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Iron Deficiency Sparks Dramatic Changes In Gene Expression

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Duke Health News 919-660-1306

DURHAM, N.C. -- Researchers at Duke University Medical Center have
demonstrated for the first time what happens inside a cell when it is
deprived of the essential nutrient iron. Iron is found abundantly in
red meats, shellfish dried fruits, whole grains, spinach, seeds and
other foods.

Their study in yeast cells demonstrated that
iron-starved cells preserve the little iron they possess by shutting
down the major iron users in order to maintain the cell's essential
functions, said Dennis J. Thiele, Ph.D., professor of Pharmacology and
Cancer Biology at Duke. He said their discovery could aid in the
diagnosis and ultimately the treatment of serious disorders caused by
low iron levels.

Results of his study, funded by the National
Institutes of Health, are published in the Jan. 14, 2005, issue of the
journal Cell.

Iron deficiency is the most prevalent and severe
nutritional disorder world wide, affecting more than 2 billion people.
The most widely recognized symptom is anemia, in which too few red
blood cells are produced, and the body is deprived of oxygen needed for
energy metabolism. Iron deficiency causes wide-ranging symptoms from
fatigue, weakness and cognitive deficits to serious heart complications
and developmental disorders. Iron deficiency also contributes to the
pathology of hereditary blood disorders, Parkinson's disease and
certain cancers and develops during a number of chronic diseases, the
researchers said.

Until now, however, a cell's response to iron
deprivation was poorly understood. In the Duke study, Thiele and his
Duke colleagues at the Sarah W. Stedman Nutrition and Metabolism Center
demonstrated that the activity of more than 80 different genes was
dramatically reduced in response to iron deprivation. The function of
many of these genes is unknown, meaning that side effects from iron
deprivation may go unattributed to their root cause. Other genes
affected by iron starvation are known to be vital in generating energy,
copying the cell's genetic code and protecting the cell from free
radicals and aging, said Thiele.

"We discovered that iron
deprivation actually reprograms the metabolism of the entire cell,"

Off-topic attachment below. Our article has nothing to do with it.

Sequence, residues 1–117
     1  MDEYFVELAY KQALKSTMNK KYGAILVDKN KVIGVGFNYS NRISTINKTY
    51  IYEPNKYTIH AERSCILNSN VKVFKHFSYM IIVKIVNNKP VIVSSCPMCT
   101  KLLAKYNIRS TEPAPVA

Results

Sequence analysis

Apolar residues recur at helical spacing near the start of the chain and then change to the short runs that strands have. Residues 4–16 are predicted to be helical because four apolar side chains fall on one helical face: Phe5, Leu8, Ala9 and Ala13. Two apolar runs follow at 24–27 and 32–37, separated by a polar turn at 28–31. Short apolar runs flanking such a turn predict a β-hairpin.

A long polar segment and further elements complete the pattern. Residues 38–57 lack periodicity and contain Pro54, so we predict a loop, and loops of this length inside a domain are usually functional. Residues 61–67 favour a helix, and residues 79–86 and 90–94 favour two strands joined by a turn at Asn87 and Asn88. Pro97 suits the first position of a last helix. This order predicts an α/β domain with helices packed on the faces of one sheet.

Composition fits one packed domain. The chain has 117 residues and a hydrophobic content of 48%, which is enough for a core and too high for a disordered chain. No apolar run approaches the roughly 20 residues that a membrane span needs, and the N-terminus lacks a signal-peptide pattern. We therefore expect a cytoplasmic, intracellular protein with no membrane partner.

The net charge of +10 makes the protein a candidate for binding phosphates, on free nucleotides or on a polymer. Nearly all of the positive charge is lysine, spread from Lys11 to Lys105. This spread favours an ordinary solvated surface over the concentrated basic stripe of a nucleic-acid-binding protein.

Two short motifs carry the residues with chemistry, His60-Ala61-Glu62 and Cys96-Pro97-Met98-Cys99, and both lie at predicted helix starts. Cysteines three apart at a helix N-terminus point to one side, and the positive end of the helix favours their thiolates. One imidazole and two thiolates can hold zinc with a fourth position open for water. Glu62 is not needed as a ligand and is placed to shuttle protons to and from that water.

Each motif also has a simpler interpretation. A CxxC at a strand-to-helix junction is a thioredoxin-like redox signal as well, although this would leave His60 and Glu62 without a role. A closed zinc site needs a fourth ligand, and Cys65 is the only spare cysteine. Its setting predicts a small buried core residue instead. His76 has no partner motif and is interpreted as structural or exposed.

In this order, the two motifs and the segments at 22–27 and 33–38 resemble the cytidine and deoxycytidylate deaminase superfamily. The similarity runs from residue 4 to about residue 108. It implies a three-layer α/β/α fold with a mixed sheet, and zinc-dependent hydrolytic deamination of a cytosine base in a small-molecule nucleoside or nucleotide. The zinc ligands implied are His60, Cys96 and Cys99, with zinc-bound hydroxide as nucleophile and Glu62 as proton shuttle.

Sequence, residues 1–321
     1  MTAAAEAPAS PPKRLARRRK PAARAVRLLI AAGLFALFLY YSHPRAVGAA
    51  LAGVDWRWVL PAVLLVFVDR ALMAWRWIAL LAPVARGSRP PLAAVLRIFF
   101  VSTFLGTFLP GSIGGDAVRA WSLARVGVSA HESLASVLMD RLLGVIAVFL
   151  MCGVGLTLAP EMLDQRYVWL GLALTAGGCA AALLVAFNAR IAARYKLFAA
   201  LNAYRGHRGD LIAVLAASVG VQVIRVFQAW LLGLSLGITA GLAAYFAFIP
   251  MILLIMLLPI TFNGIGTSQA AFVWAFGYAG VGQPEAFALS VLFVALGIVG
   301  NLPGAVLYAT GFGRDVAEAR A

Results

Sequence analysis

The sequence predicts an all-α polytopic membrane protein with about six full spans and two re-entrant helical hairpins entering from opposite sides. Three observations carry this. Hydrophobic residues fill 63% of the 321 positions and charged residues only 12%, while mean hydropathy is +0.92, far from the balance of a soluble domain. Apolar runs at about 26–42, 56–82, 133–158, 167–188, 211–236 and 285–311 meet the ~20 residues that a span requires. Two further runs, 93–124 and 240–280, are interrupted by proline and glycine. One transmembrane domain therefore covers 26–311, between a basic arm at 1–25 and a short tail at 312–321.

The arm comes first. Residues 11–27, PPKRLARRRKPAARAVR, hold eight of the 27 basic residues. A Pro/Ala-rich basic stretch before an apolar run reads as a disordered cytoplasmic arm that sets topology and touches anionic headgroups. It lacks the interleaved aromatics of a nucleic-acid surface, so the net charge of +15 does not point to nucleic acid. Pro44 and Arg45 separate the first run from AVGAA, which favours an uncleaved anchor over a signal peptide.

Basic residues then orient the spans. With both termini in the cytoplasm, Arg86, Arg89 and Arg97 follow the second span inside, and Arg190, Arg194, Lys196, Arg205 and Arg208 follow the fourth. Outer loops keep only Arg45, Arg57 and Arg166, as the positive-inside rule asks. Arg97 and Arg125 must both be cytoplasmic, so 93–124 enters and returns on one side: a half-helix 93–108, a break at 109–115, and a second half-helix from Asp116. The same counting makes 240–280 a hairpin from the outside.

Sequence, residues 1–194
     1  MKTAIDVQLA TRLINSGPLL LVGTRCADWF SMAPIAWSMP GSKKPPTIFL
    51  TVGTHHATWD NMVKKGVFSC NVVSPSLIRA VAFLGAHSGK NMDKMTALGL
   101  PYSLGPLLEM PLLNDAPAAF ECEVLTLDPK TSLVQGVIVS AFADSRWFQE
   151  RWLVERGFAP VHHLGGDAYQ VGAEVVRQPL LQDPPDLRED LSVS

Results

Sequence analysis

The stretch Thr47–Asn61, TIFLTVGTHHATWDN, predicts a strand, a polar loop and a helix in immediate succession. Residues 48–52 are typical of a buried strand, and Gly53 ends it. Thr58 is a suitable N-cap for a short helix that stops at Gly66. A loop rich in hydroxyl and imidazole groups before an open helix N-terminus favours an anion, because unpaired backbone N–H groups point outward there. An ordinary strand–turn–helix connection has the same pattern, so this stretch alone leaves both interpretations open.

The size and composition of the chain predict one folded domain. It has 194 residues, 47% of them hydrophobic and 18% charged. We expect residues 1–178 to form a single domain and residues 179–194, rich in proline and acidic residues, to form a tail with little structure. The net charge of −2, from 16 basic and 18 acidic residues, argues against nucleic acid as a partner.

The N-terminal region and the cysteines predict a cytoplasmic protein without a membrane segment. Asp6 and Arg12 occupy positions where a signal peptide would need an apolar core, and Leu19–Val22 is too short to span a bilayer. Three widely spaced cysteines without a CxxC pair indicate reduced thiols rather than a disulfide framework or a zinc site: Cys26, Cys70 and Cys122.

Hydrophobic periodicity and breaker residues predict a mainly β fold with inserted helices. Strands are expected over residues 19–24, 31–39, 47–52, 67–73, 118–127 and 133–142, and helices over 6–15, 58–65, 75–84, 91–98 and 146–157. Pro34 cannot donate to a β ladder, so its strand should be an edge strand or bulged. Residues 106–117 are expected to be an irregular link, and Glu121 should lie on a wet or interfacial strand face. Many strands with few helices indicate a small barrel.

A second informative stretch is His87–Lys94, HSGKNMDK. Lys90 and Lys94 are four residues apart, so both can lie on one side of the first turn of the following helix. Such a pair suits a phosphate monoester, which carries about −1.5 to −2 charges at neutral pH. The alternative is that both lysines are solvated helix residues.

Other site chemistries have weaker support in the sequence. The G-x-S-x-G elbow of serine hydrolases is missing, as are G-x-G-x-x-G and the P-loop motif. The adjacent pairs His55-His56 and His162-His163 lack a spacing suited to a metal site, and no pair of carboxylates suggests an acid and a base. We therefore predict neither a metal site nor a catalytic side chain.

said Thiele. "Literally hundreds of proteins require iron to carry out
their proper function, so without this nutrient, there is a complete
reorganization of how cellular processes occur."

The cellular
player responsible for the metabolic reprogramming is a protein called
Cth2. Thiele's team found that iron-deprived cells overproduce Cth2.
This protein binds to the gene expression machinery of more than 80
different genes and targets these molecules, called messenger RNA, to
be destroyed or degraded. Without messenger RNA, a gene cannot
translate its genetic code into proteins that carry out its intended
functions.

Thiele said the same scenario may occur in human
cells, as well, to an even greater degree. His study was conducted in
yeast cells because their genome is remarkably similar to that of a
human cell. In fact, the Cth2 protein in yeast is quite similar to a
family of three proteins in humans. When the human proteins are
substituted in place of Cth2 in yeast, they actually assume its
function in yeast cells, said Thiele.

"Yeast cells illuminate for
us what to look for in human cells," said Thiele. "Current diagnostic
markers for iron deficiency aren't very sensitive, unless the
deficiency is severe. Pinpointing the genes affected by iron
deprivation should provide us with a genetic fingerprint of what
patients with varying levels of iron deprivation look like."

A
patient's blood could easily be tested for specific diagnostic markers
that would indicate his level of iron deprivation, he said. With
diagnostic markers in place, physicians could translate the severity of
the disease into the appropriate treatment.

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